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THCB Reader - Issue #43

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THCB Reader

February 27 · Issue #43 · View online
Everything you always wanted to know about the health care system. But were afraid to ask.

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On today’s edition of the THCB Reader: I discuss the Democratic nominees’ main policy difference between the progressive and moderate sides on the Medicare For All debate; Mike Magee comments on how important modeling professionalism to students is but the system makes it difficult to realize true professionalism; and Hans Duvefelt argues that primary care is becoming more rigid, where people matter more as populations and not as individuals. Jess speaks to Molly Coye, a long-time expert who has spent 2 decades working to advance technology initiatives in health care, on what Molly thinks about the current class of innovators, technologists, developers, and investors on their latest health tech developments and solutions in the market. Enjoy! – Matthew Holt

Feb 24, Matthew Holt 
Since Saturday’s Nevada primaries, confusion seems to be reigning about how Bernie Sanders seems to be winning. Time (and not a lot more of it) will tell who actually ends up as the Democratic nominee. The key here is the main policy differential between the progressive and moderate sides, Medicare For All. It comes down to whether everyone is in the same state-run single payer system (a modified and expanded version of Medicare) or whether the private employer system is left as it is, with expanded access to something that looks like Medicare (the public option) for everyone else.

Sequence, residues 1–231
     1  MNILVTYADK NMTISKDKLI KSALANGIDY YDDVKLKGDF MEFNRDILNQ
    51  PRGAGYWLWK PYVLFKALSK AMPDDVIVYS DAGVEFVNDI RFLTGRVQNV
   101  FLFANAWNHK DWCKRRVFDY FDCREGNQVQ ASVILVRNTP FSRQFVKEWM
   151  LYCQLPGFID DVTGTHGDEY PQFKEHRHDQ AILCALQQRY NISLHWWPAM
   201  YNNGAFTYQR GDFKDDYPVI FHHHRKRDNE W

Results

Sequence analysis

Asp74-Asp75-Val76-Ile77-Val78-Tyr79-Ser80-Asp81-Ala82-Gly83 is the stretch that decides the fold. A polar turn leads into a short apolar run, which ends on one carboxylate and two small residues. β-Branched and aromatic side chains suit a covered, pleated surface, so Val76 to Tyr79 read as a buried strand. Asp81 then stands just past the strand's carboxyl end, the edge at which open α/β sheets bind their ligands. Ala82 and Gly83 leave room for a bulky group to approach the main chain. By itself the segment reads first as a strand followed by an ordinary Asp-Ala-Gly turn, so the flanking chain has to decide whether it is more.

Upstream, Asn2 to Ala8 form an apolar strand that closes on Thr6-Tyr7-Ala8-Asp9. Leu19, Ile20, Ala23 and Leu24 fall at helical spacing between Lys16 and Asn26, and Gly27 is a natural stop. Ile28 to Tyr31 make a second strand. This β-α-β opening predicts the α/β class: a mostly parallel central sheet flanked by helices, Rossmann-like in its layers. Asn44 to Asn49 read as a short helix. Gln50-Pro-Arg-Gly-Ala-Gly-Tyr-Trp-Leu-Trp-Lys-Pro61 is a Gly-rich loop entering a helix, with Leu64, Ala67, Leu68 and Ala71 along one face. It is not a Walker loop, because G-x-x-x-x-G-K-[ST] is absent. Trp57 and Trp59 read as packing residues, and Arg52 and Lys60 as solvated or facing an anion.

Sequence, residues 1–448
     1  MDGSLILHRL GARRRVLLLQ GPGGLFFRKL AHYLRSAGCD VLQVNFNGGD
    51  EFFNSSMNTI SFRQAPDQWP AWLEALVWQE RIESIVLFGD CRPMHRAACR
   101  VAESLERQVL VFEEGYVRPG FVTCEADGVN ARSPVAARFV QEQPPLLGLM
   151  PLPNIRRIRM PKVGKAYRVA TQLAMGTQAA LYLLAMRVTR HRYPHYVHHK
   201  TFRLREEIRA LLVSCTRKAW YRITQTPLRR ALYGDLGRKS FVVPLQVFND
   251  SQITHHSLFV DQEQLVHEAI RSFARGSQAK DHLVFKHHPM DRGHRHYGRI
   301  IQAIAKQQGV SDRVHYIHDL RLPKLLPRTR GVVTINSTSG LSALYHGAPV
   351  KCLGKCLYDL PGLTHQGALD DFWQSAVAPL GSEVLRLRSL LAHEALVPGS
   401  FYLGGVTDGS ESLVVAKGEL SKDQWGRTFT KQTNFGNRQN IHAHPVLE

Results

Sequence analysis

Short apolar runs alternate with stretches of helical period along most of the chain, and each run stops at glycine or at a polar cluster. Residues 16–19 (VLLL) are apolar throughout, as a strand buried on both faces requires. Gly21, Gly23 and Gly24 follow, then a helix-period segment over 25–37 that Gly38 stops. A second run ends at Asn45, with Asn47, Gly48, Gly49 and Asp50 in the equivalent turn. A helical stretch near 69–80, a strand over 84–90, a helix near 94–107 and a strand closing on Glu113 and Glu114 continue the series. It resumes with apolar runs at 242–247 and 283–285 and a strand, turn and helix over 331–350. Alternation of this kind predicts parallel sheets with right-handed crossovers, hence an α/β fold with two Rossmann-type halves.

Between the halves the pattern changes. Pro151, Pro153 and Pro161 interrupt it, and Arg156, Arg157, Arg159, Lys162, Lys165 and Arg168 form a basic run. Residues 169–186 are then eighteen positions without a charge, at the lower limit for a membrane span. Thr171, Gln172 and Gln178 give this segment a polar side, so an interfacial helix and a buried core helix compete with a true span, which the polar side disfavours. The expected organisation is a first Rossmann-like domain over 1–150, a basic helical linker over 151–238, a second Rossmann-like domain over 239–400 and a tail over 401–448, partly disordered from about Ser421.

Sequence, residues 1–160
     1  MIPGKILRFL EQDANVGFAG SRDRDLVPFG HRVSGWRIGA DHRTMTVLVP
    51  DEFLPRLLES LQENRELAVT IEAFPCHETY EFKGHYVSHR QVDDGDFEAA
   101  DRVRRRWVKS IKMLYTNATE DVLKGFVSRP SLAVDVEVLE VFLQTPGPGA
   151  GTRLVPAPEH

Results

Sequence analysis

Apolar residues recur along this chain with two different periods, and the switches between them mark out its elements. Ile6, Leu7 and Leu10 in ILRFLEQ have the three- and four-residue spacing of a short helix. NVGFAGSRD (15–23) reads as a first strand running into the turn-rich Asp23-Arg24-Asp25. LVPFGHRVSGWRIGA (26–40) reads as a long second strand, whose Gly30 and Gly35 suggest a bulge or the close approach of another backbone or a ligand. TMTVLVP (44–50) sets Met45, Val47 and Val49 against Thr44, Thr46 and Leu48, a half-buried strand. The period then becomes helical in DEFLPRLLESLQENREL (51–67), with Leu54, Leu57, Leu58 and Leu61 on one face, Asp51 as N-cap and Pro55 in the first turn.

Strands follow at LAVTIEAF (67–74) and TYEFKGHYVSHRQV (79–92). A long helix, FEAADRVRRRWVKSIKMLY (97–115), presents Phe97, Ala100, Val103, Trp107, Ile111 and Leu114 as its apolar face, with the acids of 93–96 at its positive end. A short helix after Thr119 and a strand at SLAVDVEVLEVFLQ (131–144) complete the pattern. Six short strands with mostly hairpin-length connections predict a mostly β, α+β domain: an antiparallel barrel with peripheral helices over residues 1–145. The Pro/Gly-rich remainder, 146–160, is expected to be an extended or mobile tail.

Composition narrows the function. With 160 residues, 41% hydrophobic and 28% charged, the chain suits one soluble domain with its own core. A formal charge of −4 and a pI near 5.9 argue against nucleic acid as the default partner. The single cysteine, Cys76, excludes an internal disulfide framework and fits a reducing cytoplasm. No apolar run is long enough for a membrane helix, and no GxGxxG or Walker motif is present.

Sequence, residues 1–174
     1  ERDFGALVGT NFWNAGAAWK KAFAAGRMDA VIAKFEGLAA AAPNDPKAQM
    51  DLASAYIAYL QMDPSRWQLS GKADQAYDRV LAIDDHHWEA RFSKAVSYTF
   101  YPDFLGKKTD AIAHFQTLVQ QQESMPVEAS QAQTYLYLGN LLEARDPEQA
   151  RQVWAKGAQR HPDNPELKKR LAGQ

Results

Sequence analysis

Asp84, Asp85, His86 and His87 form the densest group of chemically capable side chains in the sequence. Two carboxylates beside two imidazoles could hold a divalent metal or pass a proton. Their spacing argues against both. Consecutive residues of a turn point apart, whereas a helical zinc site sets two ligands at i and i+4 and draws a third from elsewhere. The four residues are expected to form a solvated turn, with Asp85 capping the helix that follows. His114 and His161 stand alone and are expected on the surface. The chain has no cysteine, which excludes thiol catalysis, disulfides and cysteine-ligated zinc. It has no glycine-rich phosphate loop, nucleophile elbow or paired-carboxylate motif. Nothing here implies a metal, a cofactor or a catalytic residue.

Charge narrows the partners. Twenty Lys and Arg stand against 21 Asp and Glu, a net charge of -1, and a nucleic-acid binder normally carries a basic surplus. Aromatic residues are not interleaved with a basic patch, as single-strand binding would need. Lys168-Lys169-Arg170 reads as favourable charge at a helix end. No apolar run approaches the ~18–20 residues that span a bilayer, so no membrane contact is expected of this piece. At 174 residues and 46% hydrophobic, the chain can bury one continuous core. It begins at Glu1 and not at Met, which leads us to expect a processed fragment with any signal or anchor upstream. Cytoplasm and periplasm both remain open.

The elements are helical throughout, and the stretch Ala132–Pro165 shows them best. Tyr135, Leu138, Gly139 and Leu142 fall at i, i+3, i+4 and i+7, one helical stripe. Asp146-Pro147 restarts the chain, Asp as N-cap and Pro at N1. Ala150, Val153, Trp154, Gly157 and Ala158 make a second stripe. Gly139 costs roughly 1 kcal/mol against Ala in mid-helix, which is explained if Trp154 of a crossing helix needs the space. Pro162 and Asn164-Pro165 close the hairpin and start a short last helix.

Feb 25, Mike Magee
In our modern world of “fake news”, concrete actions carry far greater weight than words ever did, and the caring environments we are exposed to in training are formative. They shape our future capacity to express trust, compassion, understanding and partnership. What if our mentors are able to “voice” and “model” professionalism, and even appear to be “practicing” professionalism, but the system itself makes it impossible for them and for their students to realize true professionalism? 

Feb 26, Hans Duvefelt
For Swedish-born family physician Hans Duvefelt, Swedish healthcare seemed competent but a bit uninspired and rigid, but a medical school class trip to the Soviet Union in 1977 showed him a healthcare system and culture even more eye-opening. But more and more, practicing primary care in America has become rigid. This hampering of improvisation with bureaucratic red tape in how you meet individual patients is becoming reminiscent of that class trip, where people mattered as populations, perhaps, but not as individuals.
Livongo is working to #SilenceNoisyHealthcare. Visit livongo.com for more details.
Livongo is working to #SilenceNoisyHealthcare. Visit livongo.com for more details.
Advice for Health Tech: Focus on Results, Mission, & Critics | Molly Coye, AVIA
Advice for Health Tech: Focus on Results, Mission, & Critics | Molly Coye, AVIA
The Health Data Goldilocks Dilemma: Sharing? Privacy? Both? - The Health Care Blog
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